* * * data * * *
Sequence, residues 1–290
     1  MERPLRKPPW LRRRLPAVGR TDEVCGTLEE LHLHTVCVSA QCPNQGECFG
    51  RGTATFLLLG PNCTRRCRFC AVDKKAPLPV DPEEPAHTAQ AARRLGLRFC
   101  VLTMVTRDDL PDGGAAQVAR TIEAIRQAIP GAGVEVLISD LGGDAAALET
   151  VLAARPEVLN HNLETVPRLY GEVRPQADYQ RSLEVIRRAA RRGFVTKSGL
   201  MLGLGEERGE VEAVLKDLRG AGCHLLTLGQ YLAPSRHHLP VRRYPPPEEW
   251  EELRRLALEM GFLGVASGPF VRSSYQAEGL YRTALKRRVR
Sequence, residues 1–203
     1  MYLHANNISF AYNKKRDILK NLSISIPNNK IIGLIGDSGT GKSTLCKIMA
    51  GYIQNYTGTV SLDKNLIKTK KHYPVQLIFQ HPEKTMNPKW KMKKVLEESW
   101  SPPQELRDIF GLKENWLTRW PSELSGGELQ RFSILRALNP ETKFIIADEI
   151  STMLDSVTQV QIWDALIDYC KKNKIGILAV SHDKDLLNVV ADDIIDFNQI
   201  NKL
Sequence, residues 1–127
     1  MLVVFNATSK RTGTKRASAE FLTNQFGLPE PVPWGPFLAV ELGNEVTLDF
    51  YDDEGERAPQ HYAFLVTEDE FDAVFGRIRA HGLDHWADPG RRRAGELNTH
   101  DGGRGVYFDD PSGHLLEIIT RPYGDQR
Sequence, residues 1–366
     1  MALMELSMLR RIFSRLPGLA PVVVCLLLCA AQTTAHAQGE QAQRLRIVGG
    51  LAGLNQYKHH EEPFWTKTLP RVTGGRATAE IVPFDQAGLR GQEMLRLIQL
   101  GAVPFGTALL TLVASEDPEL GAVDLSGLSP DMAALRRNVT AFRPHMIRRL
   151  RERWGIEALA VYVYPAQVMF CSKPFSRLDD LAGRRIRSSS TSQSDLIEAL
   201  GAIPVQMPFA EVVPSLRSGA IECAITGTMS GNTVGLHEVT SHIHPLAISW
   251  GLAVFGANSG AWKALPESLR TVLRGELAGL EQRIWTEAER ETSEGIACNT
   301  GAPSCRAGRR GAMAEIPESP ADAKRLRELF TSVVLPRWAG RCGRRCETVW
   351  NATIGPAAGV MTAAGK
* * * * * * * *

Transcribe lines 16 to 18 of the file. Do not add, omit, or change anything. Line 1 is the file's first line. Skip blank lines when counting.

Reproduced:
    51  YDDEGERAPQ HYAFLVTEDE FDAVFGRIRA HGLDHWADPG RRRAGELNTH
   101  DGGRGVYFDD PSGHLLEIIT RPYGDQR
Sequence, residues 1–366